Dr. Steven Lamm is director of the New York University Center for Men's Health and a clinical assistant professor in the department of medicine at New York University School of Medicine. A practicing physician, researcher and author of six books, he contributed this article to Live Science's Expert Voices: Op-Ed & Insights.
The current issue of the British Medical Journal questions the benefit of the procedure former president George W. Bush received earlier this year to open a partially-blocked artery. It raises the question of how physicians assess the specific needs of each patient in relation to the different approaches to detect and treat heart disease.
Experts wondered whether Bush's treatment was overly aggressive because news reports suggested that he hadn't had any symptoms of heart disease. The journal piece, by Dr. Aseem Malhortra, a cardiologist at the Royal Free Hospital in London, said cardiac stents are a prime example of unnecessary, costly medical interventions. "Even stenting a 90-percent stenosed [narrowed] artery for stable angina does not prevent heart attacks or prolong life," he wrote.
The article is part of the British Medical Journal's "Too Much Medicine" campaign designed to get out the message about causes of unnecessary care.
Heart disease is the America's number one killer, and it's a formidable foe. Because it is so dangerous, unpredictable and sometimes devastating, both physicians and patients treat risk factors and symptoms very seriously. Yet, out of about 360,000 sudden cardiac deaths that occurred last year in the United States, more than half of the patients had no symptoms or identified risk factors. [Heart Disease: Why Positive Attitude May Bring Longer Life ]
Because coronary heart disease is so complex, deciding when and how to treat a particular patient with a given set of symptoms can be challenging. Physicians can't have a "one size fits all" strategy.
Both patients and physicians are naturally afraid that failure to treat a narrowed artery could have a devastating effect. Together, the doctor and the patient have to weigh all the pros and cons of treatment. I'm certain President Bush had a role in deciding, among several alternatives, what he was most comfortable having done.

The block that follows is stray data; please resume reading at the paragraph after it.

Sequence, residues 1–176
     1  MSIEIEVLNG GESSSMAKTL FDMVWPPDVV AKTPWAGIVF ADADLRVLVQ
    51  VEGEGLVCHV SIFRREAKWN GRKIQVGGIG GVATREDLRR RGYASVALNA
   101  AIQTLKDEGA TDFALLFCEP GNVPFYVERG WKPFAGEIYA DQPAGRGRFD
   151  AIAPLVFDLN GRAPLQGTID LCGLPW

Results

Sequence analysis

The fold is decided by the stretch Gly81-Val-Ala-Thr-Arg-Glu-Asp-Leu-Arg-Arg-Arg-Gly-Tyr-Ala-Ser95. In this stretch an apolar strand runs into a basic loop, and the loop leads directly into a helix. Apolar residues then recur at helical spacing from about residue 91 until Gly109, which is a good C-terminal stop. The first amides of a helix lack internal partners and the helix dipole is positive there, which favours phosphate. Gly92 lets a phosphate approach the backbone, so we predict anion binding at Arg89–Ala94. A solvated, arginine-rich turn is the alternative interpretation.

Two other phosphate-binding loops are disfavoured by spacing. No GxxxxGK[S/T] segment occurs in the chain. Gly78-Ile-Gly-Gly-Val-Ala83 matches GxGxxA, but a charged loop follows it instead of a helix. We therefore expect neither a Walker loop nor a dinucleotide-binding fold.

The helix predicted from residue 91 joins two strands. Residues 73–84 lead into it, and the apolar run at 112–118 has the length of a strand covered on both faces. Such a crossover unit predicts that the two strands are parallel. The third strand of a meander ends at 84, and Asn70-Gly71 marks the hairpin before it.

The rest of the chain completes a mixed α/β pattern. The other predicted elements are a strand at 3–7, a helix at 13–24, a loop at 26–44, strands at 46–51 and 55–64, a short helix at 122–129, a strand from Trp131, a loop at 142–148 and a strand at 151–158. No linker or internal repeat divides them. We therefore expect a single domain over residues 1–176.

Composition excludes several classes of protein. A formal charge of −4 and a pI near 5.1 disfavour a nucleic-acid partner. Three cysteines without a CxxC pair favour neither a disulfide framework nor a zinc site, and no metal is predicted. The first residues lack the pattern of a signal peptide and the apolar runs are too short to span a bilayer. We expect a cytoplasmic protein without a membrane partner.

But the debate about stenting needs to go farther. As physicians focus on prevention, we have to realize that even if a patient does all the right things — not smoke, manage cholesterol, get exercise, reduce stress and maintain a healthy weight — there is still a 40 to 50 percent chance he or she will develop heart disease.
That's right: even when you do everything you can, it doesn't mean you will be immune from having a serious cardiac event.
But doctors are beginning to find new ways to assess patients' actual, physiological risks for cardiac disease early on, and are witnessing the evolution of new technologies that will identify how aspects of a cardiovascular system are actually functioning, in real time.
One example of such a new technology is a test called EndoPat, and it feels a lot like just getting blood pressure checked. The test takes about 15 minutes and measures what is called "reactive hyperemia": arterial health, or the ability of the lining of blood vessels to react to a body's needs. The test goes beyond looking at typical signs of heart health, such as cholesterol, to actually analyze function.
For some people, technology like EndoPat, made by Itamar Medical, will bring good news that their vascular health is terrific. Others may learn that their cardiovascular system has some functional issues, and may be motivated to take their prevention plan to the next level, perhaps ramping up their exercise or modifying their diet. Someone with an A-plus heart-healthy lifestyle and no known heart disease risk factors who shows signs of disease may need a closer look at why his or her blood vessels are suggesting problems.
These new function-oriented tests may make the more invasive, after-the-fact treatments like stents obsolete. Discovering a patient's actual cardiovascular situation early in the game — when prevention can have maximum impact — could make a huge difference in the fight against heart disease.
Be sure to talk with your physician about your own philosophy about the healthcare decisions you must make. Are you more of an interventionist, likely to be willing to have procedures and treatments, even when there are risks to be weighed? Or, are you more likely to want less-invasive tests and treatments?
And remember: no exercise, food, drug, lifestyle or test, for that matter, will guarantee you good health. But learning whether your prevention efforts are working — and how well — can help you understand your actual risk for coronary artery disease. With that direct feedback, your efforts at prevention can be personalized and fine-tuned to help ensure they are effective as possible. One size does not fit all.
The views expressed are those of the author and do not necessarily reflect the views of the publisher. This version of the article was originally published on Live Science.